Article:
150 Gram Vinyl Record
150-gram LP plated and pressed at Quality Record Pressings!
Audio completely mixed and re-mastered under the direction of Jimi’s long time sound engineer, Eddie Kramer
Includes the previously unreleased 1966 recording, “Station Break”
Includes dialogue between Hendrix and producer Ed Chalpin
Best known as the bandleader with whom Jimi Hendrix developed his skills, Curtis Knight moved to California from Kansas in the '50s. He relocated again to New York in the '60s after appearing in the film "Pop Girl." While leading the Squires he and Hendrix joined forces in 1965. Though Hendrix wasn't in the group very long, he was featured on over 60 songs, 26 studio and 35 live recordings.
This special compilation presents Hendrix's 1965-1967 sessions with Curtis Knight & The Squires prior to his
international fame leading the Jimi Hendrix Experience.
Although Jimi Hendrix's intermittent tenure as a guitarist for Curtis Knight & The Squires in 1965 and 1966 was relatively brief, more than 100 albums have been crafted from approximately forty studio recordings and consumer grade stage recordings by the group. Most featured low fidelity variations, remixes, edited versions, and instrumentals of the same material — often with their song titles changed.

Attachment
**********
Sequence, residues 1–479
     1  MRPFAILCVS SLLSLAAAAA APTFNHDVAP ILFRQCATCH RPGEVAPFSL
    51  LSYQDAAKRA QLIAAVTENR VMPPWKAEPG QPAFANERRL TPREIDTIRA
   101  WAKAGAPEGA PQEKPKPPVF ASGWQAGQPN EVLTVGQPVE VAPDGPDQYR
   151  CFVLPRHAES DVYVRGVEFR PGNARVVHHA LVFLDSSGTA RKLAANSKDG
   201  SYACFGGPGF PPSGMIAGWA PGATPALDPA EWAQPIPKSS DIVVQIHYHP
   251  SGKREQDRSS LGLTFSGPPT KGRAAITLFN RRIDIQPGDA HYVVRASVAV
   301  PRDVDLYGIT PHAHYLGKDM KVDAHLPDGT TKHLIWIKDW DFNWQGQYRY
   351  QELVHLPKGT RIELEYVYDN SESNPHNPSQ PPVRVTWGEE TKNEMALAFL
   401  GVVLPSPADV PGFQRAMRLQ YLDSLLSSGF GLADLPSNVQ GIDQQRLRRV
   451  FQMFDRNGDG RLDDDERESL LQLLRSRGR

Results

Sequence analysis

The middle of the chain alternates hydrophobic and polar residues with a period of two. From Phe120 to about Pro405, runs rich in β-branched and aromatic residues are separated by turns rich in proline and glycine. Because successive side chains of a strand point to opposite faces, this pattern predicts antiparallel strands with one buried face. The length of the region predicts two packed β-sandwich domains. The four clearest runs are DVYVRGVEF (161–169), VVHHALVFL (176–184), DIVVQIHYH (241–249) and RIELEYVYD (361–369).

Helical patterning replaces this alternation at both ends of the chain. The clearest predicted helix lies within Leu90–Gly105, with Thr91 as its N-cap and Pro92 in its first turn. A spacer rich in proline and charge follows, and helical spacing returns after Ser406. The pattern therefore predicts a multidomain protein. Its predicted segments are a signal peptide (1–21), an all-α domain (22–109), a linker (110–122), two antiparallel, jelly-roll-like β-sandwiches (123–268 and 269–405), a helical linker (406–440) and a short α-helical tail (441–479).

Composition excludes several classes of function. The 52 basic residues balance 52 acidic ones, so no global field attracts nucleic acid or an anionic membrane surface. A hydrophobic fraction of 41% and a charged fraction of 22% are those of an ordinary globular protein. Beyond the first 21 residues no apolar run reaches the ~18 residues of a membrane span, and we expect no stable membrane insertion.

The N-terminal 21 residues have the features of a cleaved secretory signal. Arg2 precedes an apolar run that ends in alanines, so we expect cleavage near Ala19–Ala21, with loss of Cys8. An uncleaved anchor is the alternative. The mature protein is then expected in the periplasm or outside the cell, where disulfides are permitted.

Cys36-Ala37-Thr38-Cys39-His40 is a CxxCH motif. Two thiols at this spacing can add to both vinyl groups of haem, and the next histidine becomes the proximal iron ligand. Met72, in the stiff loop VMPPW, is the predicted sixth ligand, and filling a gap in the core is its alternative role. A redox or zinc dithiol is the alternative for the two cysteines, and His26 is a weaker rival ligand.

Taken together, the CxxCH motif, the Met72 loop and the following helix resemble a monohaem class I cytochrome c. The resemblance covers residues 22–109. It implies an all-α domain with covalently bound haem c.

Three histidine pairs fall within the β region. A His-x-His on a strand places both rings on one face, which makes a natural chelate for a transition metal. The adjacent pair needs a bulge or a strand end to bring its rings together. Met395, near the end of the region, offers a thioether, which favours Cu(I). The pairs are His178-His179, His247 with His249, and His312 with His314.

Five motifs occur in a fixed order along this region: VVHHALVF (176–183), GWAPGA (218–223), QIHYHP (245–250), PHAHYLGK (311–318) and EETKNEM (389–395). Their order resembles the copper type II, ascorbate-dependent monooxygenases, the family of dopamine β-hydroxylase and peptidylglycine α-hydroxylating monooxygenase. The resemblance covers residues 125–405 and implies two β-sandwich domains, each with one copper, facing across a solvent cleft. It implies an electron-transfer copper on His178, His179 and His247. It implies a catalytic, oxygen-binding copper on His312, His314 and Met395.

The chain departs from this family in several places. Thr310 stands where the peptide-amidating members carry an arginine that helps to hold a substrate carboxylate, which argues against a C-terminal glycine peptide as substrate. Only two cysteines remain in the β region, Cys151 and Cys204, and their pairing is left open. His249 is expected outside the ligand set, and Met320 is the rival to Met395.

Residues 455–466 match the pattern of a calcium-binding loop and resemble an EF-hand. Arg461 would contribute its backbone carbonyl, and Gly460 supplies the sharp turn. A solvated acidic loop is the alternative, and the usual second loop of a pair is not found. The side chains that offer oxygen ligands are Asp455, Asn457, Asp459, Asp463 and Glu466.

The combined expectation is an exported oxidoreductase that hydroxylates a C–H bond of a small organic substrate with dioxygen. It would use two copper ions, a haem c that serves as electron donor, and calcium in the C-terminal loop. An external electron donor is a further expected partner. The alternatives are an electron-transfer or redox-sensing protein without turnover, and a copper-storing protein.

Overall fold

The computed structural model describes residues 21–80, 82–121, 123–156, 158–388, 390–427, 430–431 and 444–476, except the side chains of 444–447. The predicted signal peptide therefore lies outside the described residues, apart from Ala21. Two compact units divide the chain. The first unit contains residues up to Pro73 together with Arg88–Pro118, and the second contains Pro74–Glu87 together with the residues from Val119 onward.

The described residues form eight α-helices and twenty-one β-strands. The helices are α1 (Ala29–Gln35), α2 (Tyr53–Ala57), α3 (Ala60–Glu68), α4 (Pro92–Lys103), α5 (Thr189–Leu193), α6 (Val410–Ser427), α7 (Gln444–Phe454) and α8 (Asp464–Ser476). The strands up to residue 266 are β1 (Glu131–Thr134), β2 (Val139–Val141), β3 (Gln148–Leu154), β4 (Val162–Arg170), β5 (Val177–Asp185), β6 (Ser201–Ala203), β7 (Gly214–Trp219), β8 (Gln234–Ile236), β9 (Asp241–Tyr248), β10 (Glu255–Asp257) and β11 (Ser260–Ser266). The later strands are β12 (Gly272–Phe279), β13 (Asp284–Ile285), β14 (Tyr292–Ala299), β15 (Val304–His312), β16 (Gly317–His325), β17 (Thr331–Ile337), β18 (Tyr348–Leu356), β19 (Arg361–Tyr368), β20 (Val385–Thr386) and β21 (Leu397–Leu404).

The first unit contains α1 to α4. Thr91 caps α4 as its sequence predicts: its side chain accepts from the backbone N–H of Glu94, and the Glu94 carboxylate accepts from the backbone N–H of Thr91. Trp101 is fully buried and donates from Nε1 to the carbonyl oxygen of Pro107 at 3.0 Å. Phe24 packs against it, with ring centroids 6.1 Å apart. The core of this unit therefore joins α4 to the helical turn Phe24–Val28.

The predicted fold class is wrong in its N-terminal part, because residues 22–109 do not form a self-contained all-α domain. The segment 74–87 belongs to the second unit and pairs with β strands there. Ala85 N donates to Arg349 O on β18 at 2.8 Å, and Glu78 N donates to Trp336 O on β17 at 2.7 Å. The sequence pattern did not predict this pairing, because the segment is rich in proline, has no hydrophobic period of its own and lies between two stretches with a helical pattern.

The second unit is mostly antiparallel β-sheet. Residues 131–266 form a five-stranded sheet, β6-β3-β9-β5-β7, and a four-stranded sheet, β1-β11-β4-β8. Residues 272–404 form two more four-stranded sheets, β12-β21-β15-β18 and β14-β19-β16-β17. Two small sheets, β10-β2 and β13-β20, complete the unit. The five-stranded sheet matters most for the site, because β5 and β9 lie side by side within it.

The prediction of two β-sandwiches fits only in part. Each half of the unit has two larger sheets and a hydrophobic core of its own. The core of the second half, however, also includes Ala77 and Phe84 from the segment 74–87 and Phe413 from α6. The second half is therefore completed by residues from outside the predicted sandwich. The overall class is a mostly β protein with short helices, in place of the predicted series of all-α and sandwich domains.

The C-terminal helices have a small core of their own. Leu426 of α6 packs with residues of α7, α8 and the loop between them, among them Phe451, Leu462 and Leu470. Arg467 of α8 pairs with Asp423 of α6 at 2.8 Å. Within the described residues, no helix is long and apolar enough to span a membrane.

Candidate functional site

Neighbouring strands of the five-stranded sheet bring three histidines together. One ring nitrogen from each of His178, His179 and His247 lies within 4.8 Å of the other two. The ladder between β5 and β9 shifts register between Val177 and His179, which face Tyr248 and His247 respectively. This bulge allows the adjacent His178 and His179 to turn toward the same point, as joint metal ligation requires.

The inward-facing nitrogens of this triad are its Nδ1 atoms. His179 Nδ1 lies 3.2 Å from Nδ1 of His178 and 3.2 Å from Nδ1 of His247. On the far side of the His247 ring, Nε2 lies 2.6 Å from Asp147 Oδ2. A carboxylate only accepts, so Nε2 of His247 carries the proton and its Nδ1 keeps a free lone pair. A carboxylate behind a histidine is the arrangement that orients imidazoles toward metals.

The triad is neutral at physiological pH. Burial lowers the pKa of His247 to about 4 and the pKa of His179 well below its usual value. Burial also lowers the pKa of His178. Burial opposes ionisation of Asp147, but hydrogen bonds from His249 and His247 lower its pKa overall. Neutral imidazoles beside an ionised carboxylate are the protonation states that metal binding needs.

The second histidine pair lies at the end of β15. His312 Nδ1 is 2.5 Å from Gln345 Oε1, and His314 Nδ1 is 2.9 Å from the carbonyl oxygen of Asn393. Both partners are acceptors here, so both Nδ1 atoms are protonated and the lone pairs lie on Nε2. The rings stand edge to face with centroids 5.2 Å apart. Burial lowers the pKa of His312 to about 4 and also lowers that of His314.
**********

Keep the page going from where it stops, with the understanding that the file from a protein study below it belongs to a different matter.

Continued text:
These albums were poorly annotated and all too often featured cover art that depicted the guitarist at the peak of his Jimi Hendrix Experience fame (and not as ‘Jimmy Hendrix,' a sideman to Curtis Knight) and thus snared unwitting fans throughout the world that were starved for new Hendrix music for decades. Jimi Hendrix was hamstrung throughout his career by litigation over these recordings in the US and UK and these fights continued until his family ultimately prevailed in litigation. You Can't Use My Name stands as their first attempt to present this music in its original context.
You Can't Use My Name is newly mixed and prepared for release by Eddie Kramer and includes the previously unreleased 1966 recording "Station Break," the full length versions of "Knock Yourself Out [Flying On Instruments]," "No Such Animal," and the 1967 recording of "Gloomy Monday" that includes dialogue between Hendrix and producer Ed Chalpin (featuring the guitarist's request that the producer not use his name on this session because of the ongoing litigation between them).
|1. How Would You Feel|
|2. Gotta Have a New Dress|
|3. Don’t Accuse Me|
|4. Fool for You Baby|
|5. No Such Animal|
|6. You Don’t Want Me|
|7. Welcome Home|
|8. Knock Yourself Out (Flying on Instruments)|
|9. Strange Things|
|10. Station Break|
|11. You Can't Use My Name/Gloomy Monday|